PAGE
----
Over the years, of course, the culprits changed. If only I wasn’t so pale. Clearly I was also meant to be a blonde. My naturally dark hair washes me out. And these crooked teeth. The only girl in my junior high school without braces and now I’m paying for it with a smile that would put Steve Buscemi to shame. Obviously I also need to lose 10 pounds. Although 30 would be better.
As I got older, entirely new regions became problematic. Was that the beginning of a forehead wrinkle? Where did this arm flab come from? Apparently these under-eye circles are permanent now. Cellulite? It cellu-bites. Then there was the fateful day I discovered going braless was clearly no longer an option.
There was always something preventing me from living the perfect life of the women in the perfume ads.
But the most disturbing thing of all is how this kind of vicious tearing down of every aspect of our appearance is so ingrained into so many of us women that we no longer see the absolute absurdity of it. It’s completely normal. I mean, talk about multi-tasking. From a very young age, this internal monologue runs through our heads as we earn top grades in school and play three different sports and act in plays and create art and start our careers and earn accolades and fall in love and volunteer and travel the world and get published and rescue shelter pets and raise our kids and buy our own home.
But who has time to reflect on all that we’ve accomplished in life when our unruly and patchy eyebrows aren’t perfectly plucked into an arch?
And I’m sure I would have skipped happily to my death with this Imperial March of Imaginary Facial and Bodily Deformities continually running through my head if it weren’t for one small thing. One very small thing, in fact.
Here in a few months I will be giving birth to a daughter. A beautiful, perfect little girl. A sweet, pink-cheeked tiny angel.
Who is going to emerge from my body as the devil herself.
Yes, apparently my wonderful not-yet-born baby girl is bound to be difficult. Because, according to multiple sources, girls are so much more difficult than boys. My closest family members tell me this. My good friends tell me this. Complete strangers who ask the gender of my swollen belly feel the need to tell me this as they are awkwardly rubbing me like I’m a breathing, bloated magic lamp.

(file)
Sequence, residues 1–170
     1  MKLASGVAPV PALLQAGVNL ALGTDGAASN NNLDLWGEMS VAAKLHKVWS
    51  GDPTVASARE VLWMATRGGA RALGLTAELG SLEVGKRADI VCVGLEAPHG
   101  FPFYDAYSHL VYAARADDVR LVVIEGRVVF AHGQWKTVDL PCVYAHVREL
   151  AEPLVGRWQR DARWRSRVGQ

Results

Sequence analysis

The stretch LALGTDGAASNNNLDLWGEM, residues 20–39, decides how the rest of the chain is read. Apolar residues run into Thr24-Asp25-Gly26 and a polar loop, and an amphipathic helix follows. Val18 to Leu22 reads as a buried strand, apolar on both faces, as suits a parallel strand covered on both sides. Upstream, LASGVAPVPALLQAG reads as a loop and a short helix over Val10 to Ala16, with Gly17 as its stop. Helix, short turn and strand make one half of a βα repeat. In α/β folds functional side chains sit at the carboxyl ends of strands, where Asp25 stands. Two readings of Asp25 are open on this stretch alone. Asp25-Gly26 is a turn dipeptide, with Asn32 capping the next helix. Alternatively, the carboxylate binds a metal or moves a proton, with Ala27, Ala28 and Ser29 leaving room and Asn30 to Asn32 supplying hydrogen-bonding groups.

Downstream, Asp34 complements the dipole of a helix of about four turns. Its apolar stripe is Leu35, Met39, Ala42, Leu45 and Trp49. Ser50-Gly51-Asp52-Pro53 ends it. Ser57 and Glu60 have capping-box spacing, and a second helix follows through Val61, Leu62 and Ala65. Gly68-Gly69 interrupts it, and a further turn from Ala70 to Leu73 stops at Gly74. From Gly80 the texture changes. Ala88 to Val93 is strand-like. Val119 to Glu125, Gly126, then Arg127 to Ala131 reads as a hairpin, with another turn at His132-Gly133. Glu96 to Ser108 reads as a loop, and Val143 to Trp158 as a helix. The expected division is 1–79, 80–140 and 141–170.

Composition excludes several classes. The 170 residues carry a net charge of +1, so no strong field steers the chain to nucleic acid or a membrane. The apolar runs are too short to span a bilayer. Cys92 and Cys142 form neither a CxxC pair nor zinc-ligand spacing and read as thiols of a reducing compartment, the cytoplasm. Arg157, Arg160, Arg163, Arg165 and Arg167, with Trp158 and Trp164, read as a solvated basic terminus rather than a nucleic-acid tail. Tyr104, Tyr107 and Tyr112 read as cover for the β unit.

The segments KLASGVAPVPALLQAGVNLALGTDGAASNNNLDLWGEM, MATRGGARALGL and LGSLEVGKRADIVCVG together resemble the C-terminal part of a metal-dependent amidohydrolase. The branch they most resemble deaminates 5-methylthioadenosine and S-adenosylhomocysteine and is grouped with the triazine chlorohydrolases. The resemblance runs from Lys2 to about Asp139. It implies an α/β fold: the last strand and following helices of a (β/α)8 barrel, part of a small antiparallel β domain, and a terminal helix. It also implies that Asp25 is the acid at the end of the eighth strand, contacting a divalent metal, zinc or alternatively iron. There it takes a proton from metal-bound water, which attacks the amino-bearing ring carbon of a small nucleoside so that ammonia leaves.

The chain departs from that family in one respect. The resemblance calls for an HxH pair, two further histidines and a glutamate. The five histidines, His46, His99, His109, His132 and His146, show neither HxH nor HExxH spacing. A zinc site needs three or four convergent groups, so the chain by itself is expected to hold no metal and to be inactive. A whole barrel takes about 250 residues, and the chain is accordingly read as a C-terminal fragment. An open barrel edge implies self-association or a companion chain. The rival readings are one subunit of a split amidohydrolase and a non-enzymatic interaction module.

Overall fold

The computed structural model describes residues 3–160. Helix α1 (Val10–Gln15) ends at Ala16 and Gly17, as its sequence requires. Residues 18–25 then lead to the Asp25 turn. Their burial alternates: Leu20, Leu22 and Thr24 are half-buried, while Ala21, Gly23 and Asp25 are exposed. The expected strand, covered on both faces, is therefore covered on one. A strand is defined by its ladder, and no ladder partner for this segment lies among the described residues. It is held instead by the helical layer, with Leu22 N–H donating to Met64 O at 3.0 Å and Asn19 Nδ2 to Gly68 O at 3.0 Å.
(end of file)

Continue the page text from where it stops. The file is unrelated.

Boys will be boys. But girls? Well, girls will be brats.
Of course, not everyone believes this. But it sure feels like it. And it makes me so utterly sad.
Because whether or not you believe raising girls is more difficult, the fact remains it is more difficult to be a girl. Remember, Ginger Rogers did everything Fred Astaire did, only backwards and in heels. And the poor lady was still expected not to sweat her makeup off or muss up her hair.
This is the world my “bound-to-be” difficult daughter is entering. Complete with a “I feel naked without ten pounds of eyeliner on” mother raising her to boot.
She doesn’t stand a chance.
Which is why I now realize something has to change, starting with me. Because I don’t want my daughter wasting any time sitting in front of a mirror hating her face at the tender age of 11. Not when there are books to read and trees to climb and adventures to begin and secret giggles to share and songs to belt out off-key and races to run and ice cream on hot afternoons to eat.
I want her, when she even bothers to notice her face, a face that I gave her, to realize that it’s just one small part of the amazing whole that makes up who she is. As are her bony knees and loud laugh and curly hair and love of dogs and freckled shoulders and all the other actual elements that will make up who she is that I can’t even imagine yet.
I want makeup and fashion to simply be something creative she gets to play around with, not something that determines her self-worth. I want exercise to be fun, not something she has to do to be considered desirable. I want food to be delicious fuel, not a life-long battle she always thinks she’s losing. I want success to be how she defines it, not how the boy she likes defines it, not how a magazine defines it and not how the more terrible elements of the Internet comments section defines it.
But that can only happen if she has a good role model. And I’m determined that she will.
Because as it turns out, my nose was actually perfect this whole time.